The Crescent passes through more states (including the District of Columbia) than any other route.
Amtrak-owned equipment includes Amfleet, Superliner, Viewliner and other railroad passenger cars totaling 1,519, plus 469 locomotives, 80 Auto Train vehicle carriers and 101 baggage cars.
The Adirondack is named after the Adirondack Mountains, through which it travels on its daily route from New York to Montreal.
by Sue Lawrence
The "all meals included with Sleeping Car accommodations" benefit quickly became our favorite train travel perk. My friends and I took note of other advantages as well, namely; that traveling by train was much more casual and hassle-free than airline travel, and it'll win over those really long car drives any day of the month.
We were a trio of travelers riding the Crescent route from Georgia to Washington, D.C. There we took our rental car through the Pennsylvania farmland of hard working Amish folk, on our way to Vermont’s quaint country stores, covered bridges, colorful leaves and curved country back roads. We were going by train to add to the adventure of it all, and our Dining Car discoveries began only fifteen minutes after we stepped onboard.
We dropped our bags in our respective roomettes and quickly made our way to the Dining Car just in time for the last call of the night. We discovered that only one Dining Car served the entire train so staggered dining times were a must, and seating solo passengers with other travelers was common practice. Not a bad idea, actually - as it seemed to be a good way to meet other people who also like to travel by train and share helpful travel tips. I was told I could order anything from the menu at dinnertime - even a lunch item like the grilled cheddar cheese sandwich which I ordered for my first meal.
As I joined the table conversation and munched contentedly on the corner of my second sandwich half, I couldn't help but eye my friend's sirloin steak served with mushroom sauce which he said really put that steak "over the top" in his book. He murmured softly while slowly finishing every last bite of his steak, baked potato, salad and roll. Meanwhile, my other friend had quickly downed her appetizing-looking salmon dinner. I had questioned her about it later and she'd replied that her salmon had been "very good" and "flavorful" and even though it looked "blackened," it hadn't been spicy at all.
Well, I got my chance to try the spice-rubbed salmon fillet for myself on our return trip home 11 days later, and I wasn't the least bit disappointed. As I reminisce now I can still sense the pleasure my taste buds received from my first bite to my last of that tasty baked piece of salmon. It had a slightly sweet, slightly salty taste, and it was obvious that by rubbing the Tom Douglas "rub-with-love spice blend" onto the salmon, giving it that blackened appearance when baked, that the moisture had been retained in the fish. Salmon can often taste a bit dry, but that definitely wasn't the case here. A wild rice pilaf was served with the entrée, which accented it nicely, along with a fresh salad and roll.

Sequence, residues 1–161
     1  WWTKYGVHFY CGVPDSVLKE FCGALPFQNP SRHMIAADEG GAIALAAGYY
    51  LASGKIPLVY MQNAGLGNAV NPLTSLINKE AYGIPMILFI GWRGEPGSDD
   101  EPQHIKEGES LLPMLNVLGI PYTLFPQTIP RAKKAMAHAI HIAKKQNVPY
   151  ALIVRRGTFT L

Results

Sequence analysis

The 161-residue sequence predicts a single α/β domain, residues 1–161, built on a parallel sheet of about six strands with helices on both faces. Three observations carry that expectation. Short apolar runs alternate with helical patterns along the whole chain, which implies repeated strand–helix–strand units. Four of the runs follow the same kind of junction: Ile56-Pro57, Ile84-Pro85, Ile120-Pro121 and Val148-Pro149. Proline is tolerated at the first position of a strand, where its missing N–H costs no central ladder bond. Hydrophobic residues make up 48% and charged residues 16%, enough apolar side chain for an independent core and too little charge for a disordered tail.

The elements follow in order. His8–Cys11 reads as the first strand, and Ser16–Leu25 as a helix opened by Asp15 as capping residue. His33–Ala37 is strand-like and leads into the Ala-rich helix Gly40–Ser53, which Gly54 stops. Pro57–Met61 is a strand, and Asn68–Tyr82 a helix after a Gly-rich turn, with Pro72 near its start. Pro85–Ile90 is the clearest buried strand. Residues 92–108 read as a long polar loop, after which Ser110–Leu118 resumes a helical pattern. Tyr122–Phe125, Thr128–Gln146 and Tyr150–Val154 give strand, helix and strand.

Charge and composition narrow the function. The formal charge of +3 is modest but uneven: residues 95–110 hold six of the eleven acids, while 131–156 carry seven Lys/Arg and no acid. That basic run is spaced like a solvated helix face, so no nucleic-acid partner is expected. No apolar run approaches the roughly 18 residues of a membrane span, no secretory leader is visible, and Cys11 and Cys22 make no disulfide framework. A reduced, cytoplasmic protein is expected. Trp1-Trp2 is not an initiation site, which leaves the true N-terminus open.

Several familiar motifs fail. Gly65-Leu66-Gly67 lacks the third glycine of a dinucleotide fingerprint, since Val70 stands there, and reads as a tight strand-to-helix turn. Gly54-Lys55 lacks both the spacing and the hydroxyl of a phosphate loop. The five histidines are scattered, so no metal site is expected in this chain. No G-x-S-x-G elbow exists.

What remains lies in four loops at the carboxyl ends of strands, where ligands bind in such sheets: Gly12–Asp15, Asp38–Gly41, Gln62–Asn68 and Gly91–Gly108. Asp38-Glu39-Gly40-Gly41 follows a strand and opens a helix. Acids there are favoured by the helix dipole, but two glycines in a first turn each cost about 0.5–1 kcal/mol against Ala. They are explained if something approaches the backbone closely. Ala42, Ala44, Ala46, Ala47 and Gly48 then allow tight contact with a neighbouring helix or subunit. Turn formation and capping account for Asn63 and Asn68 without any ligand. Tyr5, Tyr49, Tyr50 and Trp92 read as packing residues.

While I sat lost in my own little culinary world of contentment, my married friends enjoyed ice cream and New York cheesecake for dessert. I opted instead to finish off every last morsel of my spice-rubbed Atlantic salmon, along with another hot dinner roll dotted with melting pats of butter. Ahhhh.
Eating in the Dining Car was like "icing on the cake" for our first train travel experience. We knew our meals were "free" as part of our Seeping Car fare, so we splurged on steak and salmon. There was also the added entertainment of watching our Dining Car Attendants as they traipsed up and down that skinny aisle carrying hot plates of food, as the moving train jostled them back and forth like a childhood gelatin dessert. We could tell they worked very hard, and we made sure we tipped them generously for their efforts.
Letting Amtrak drive us where we wanted to go was a smart move. I don't know about my friends, but I'm already planning ahead for my next trip by train. There's one thing I'll do differently, though: Next time I'll take the Crescent until it connects with the Vermonter, taking the train directly into the state where my camera wants to go.
For a certainty my way of getting there will be by way of Amtrak; where I can reserve a Sleeping Car that allows me to read, write, relax by day, and sleep by night, as the train takes over the responsibility of getting me where I want to go. I won't have to worry about traffic jams or road work lane closures slowing me down, or about my 16-year-old car breaking down with car trouble in some unfamiliar city. I'll just take the train and enjoy the ride.
And when I take to the rails once more, I'll order the Spice Rubbed Atlantic Salmon Fillet again - in fact my mouth is watering now just thinking about it. Or, who knows? Maybe I'll decide to try the Black Angus USDA Choice Flat Iron Steak with a side of morel wild forest mushroom sauce instead.
Because the way I see it is this, there's only one thing better than having someone else do all the driving for me on a really long road trip, and that's having someone else do all the cooking for me, too.